“The sky’s the limit,” Yamile Salazar, fashion designer and BBVA Microfinance Foundation entrepreneur
She dreams big because she’s not afraid to fail; because failure is not part of her equation. She says this with the authority of someone who’s endured a rough childhood and has a role model to look up to. Yamile Salazar is the daughter of a woman who decided to bring her to this world despite hardship, with the only certainty that she would be able to provide for her. And those past efforts are starting to pay off: Yamile’s life undeniably proves that everything is possible, because she’s built a future out of nothing. Today, 90 people, mostly women, work for her and thousands of young women dream to wear some of her “Angels and Princesses” designs, creations of the clothing universe that embodies Yamile’s passion.
“It all started as a hobby, I used to use any piece of fabric that I could lay hands on to fashion my dolls’ own clothes,” she said in Madrid, during BBVA’s Values Day event, where she spoke about the support she receives from BBVA Microfinance Foundation (BBVAMF). This Colombian entrepreneur, who, with her mom, was forced to flee her hometown and relocate to Medellin due to violence in the region, kept getting better and better at her passion through practice and the help of a dressmaker that took her under her wing. When her daughter was born, she decided start designing children’s clothes. And stich by stich, she created a microenterprise.
And here’s where BBVA Microfinance Foundation’s Colombian branch comes in. “When I realized I needed a loan for my business, each one of the many banks I reached out to turned their back on me, until somebody told me that Bancamía would believe in me. They opened a window to the world for me”. Since then, the Foundation’s support has always been there, accompanying her at each one of the milestones she’s covered during her journey. “The relationship I have with my agent is pivotal: she’s become a personal friend who’s given me very valuable advice to grow my business. Bancamía gave me an opportunity, empowered me, and that’s what I try to do today, empower other women,” she underscores.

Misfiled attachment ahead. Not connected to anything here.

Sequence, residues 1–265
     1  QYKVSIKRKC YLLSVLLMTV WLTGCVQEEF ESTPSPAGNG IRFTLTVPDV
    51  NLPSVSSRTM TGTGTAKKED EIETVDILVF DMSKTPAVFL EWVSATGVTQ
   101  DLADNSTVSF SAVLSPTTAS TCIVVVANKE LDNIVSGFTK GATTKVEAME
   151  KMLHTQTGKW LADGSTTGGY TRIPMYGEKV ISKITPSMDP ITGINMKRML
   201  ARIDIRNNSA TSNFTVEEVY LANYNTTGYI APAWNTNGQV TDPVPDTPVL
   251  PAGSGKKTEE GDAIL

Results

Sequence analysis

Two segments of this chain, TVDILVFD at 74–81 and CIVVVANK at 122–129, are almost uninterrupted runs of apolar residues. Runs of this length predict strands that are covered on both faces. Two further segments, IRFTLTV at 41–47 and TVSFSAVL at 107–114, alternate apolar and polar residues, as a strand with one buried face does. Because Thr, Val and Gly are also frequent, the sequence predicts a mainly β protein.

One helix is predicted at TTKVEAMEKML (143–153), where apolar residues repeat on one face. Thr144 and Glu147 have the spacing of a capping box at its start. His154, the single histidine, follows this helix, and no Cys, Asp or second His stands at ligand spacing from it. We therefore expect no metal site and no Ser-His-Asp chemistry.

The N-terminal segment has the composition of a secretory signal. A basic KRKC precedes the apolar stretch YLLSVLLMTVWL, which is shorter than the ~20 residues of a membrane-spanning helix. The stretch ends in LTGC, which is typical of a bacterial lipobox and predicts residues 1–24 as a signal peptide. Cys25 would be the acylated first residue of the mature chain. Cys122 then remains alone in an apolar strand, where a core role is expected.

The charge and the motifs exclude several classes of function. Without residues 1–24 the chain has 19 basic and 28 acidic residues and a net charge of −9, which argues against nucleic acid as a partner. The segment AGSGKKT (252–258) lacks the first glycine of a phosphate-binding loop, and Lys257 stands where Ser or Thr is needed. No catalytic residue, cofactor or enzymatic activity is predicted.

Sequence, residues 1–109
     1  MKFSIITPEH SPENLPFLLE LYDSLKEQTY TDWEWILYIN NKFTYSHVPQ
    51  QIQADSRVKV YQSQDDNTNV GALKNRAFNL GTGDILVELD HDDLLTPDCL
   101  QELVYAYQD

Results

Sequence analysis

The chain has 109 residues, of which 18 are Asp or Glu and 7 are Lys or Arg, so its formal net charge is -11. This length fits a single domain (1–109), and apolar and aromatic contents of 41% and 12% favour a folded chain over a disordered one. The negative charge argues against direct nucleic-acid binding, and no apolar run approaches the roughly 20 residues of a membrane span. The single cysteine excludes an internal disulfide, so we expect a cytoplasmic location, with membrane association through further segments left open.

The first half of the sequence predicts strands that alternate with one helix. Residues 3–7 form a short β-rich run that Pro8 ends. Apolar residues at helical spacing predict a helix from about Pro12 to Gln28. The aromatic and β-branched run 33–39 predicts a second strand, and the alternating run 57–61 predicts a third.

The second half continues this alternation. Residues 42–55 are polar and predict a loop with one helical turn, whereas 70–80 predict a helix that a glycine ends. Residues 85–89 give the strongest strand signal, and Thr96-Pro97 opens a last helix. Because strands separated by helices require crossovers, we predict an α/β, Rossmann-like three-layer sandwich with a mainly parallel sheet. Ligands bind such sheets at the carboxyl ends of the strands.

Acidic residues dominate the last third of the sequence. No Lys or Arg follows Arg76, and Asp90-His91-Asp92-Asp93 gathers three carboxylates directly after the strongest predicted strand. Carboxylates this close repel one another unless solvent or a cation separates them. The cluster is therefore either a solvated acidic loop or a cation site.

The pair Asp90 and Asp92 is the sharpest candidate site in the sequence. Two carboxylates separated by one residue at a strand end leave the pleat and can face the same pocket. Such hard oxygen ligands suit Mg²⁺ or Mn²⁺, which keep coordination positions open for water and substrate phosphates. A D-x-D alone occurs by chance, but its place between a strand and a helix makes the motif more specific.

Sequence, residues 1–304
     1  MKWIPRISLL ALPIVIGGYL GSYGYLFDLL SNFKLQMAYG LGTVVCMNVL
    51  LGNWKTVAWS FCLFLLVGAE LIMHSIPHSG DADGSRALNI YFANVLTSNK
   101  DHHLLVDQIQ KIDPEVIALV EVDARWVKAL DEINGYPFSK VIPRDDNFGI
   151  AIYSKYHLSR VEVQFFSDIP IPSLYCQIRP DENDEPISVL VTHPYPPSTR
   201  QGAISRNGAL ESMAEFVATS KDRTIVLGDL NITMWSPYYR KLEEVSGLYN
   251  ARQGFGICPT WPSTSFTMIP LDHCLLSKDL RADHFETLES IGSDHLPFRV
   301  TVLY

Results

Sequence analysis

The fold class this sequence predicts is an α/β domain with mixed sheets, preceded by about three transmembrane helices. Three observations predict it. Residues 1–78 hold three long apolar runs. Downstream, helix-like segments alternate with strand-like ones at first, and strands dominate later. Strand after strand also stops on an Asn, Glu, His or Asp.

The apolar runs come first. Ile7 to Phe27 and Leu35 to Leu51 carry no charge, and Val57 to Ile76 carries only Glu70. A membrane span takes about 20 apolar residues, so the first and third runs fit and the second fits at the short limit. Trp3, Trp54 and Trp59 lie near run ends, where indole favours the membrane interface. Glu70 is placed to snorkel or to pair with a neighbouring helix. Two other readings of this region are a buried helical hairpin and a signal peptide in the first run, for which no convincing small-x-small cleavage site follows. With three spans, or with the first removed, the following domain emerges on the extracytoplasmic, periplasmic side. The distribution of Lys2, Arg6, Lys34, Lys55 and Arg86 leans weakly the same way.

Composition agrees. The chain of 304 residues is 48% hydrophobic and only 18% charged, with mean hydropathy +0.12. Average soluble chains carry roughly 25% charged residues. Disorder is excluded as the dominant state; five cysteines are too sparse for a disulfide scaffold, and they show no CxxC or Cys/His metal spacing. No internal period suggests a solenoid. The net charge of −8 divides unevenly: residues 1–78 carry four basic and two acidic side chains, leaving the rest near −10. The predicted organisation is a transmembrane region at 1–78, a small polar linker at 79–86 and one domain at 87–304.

This social commitment, this drive to help others, is the narrative thread of all the stories she tells, instances of a life that, as she herself acknowledges, are a reflection of one of her greatest convictions. “You need to do everything you can for your community, contribute selflessly.” A way of living she shares with her husband, Jaiberth Álvarez, who, for over 12 years, has been supporting each one of Yamile’s dreams.
Unique guidance to fulfill its purpose
The only distance that separates Yamile’s Colombia and Lizandro Ramón’s Peru, are the miles between both countries. He joined BBVA Microfinance Foundation’s institution in Peru more than 10 years ago, and since then, has worked to make sure that no one has to give up their dreams due to a lack of resources. “Yamile reminds me of so many entrepreneurs that I’ve provided guidance and assistance to over the years, with whom I’ve built very strong ties, that go way beyond the typical bank-client relationship: they’re built on trust, friendship,” summed up Lizandro during a conversation with Yamile at Ciudad BBVA.
Lizandro Ramón works in the BBVA Microfinance Foundation Peruvian MFI - FMBBVA
But he acknowledges that sometimes it’s hard to keep up with that the job demands from you. “I’m proud of the support we provide to people like her in Colombia, or to the more than half a million people the Foundation supports in Peru. These are people that work hard every day, bravely, always with a smile to share despite all their struggles. This is something that challenges us every day. But we’re proud and happy, because we know that our job is important not only to us, but to entrepreneurs like Yamile and to our communities.”
Communities that need more people like her because of how they affect others: her “chispa (spark)”, which is how her neighbors refer to the energy that seems to emanate from her, is what dispels the impossible from the horizon. Because for Yamile Salazar, "the sky’s the limit.”
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